Iron ore futures extended losses on Thursday, with the Dalian benchmark touching a fresh two-week low, as China’s rising port inventories and softening physical demand for steel products weighed on sentiment.
The most-traded January 2021 contract for the steelmaking ingredient on China’s Dalian Commodity Exchange closed 2.2% lower at 787.50 yuan a tonne. The contract dropped to 783.50 yuan earlier in the session, its weakest since Sept. 30.
The Singapore Exchange’s front-month November contract slipped 0.6% to $114.45 a tonne by 0708 GMT, stretching losses into a fourth straight session.
“Fundamentals … looked shaky, especially with regards to the growing port inventories,” said Howie Lee, an economist at OCBC Bank in Singapore.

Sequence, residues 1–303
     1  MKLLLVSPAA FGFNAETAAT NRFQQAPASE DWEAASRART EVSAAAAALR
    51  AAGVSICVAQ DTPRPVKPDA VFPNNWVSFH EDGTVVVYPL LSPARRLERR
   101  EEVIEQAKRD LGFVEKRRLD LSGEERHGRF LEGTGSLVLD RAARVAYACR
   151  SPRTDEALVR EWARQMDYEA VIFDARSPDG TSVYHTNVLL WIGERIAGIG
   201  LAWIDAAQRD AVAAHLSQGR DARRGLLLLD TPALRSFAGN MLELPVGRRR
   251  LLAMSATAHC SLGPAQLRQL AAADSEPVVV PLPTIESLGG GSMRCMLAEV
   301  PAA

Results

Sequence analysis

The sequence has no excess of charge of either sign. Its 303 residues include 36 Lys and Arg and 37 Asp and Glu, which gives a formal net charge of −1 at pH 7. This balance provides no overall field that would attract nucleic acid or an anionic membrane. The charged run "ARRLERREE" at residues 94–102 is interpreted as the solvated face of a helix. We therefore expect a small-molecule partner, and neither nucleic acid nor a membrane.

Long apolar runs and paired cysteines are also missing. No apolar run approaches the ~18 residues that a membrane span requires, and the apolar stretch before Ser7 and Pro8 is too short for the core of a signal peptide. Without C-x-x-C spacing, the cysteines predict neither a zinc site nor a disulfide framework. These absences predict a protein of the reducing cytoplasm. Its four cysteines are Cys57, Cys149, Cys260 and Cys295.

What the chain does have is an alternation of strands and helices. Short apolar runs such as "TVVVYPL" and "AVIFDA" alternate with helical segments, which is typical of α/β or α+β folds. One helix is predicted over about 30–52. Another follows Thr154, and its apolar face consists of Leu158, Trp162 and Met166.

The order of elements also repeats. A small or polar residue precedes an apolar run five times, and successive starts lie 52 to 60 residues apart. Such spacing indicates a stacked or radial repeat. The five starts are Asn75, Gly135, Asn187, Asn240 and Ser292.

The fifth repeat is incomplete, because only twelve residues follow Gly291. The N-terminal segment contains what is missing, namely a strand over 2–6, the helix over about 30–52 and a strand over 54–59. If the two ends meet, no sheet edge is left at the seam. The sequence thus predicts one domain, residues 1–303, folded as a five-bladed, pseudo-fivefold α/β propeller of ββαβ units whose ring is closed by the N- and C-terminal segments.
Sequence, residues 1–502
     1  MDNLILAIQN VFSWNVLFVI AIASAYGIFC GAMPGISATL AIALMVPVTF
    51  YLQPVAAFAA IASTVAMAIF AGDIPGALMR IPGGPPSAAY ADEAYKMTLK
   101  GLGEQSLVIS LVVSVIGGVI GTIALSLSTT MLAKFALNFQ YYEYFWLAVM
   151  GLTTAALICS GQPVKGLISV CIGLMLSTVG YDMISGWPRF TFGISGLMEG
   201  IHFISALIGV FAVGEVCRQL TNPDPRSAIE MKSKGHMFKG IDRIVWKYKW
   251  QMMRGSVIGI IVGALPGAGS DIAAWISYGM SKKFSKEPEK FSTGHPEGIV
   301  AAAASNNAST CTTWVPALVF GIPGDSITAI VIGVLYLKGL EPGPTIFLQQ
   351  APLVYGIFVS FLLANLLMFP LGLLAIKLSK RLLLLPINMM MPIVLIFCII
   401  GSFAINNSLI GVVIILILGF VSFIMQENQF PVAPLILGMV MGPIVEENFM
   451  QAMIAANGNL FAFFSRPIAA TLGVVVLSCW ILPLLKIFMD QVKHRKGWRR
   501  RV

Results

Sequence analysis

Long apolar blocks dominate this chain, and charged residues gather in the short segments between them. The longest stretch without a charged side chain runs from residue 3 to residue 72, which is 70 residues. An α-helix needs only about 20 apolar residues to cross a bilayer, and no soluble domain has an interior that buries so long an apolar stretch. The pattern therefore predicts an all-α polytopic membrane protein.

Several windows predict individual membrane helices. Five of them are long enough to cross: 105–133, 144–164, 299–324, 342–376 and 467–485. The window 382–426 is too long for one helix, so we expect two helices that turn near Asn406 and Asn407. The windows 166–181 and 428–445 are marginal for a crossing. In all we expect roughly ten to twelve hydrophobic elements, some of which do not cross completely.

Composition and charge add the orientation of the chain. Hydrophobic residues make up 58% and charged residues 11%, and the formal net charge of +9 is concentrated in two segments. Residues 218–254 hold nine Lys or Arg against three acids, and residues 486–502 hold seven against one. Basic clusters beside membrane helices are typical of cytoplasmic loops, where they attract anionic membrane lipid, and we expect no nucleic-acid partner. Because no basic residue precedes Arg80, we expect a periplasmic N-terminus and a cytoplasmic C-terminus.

Portside iron ore stocks in top steel producer China rose to a seven-month high of 123.6 million tonnes last week, SteelHome consultancy data showed. SH-TOT-IRONINV
As major suppliers Australia and Brazil continued to ramp up shipments, and with current Chinese demand for steel products and raw materials relatively soft, stocks may continue piling up.
China’s high steel output, coupled with slow destocking, have recently bloated domestic inventories, pressuring prices.
– China is reportedly set to issue new steel scrap standards in a move that will allow materials meeting them to enter the country after a ban on solid waste imports goes into effect.
– Rebar on the Shanghai Futures Exchange slipped 0.3%, while hot-rolled coil slumped 1.2%. Stainless steel gained 0.3%.
– BHP Group has received deferment requests from Chinese coal customers amid reports that China had stopped accepting Australian coal.
– China’s coal markets are set to tighten over the remainder of 2020 as stringent import restrictions curb supply at a time of robust demand from heavy industry, and with the winter heating season about to kick in.
– Dalian coking coal ended flat while coke dropped 0.3%.
The opinions expressed herein are the author's and not necessarily those of The Xinde Marine News.
Please Contact Us at：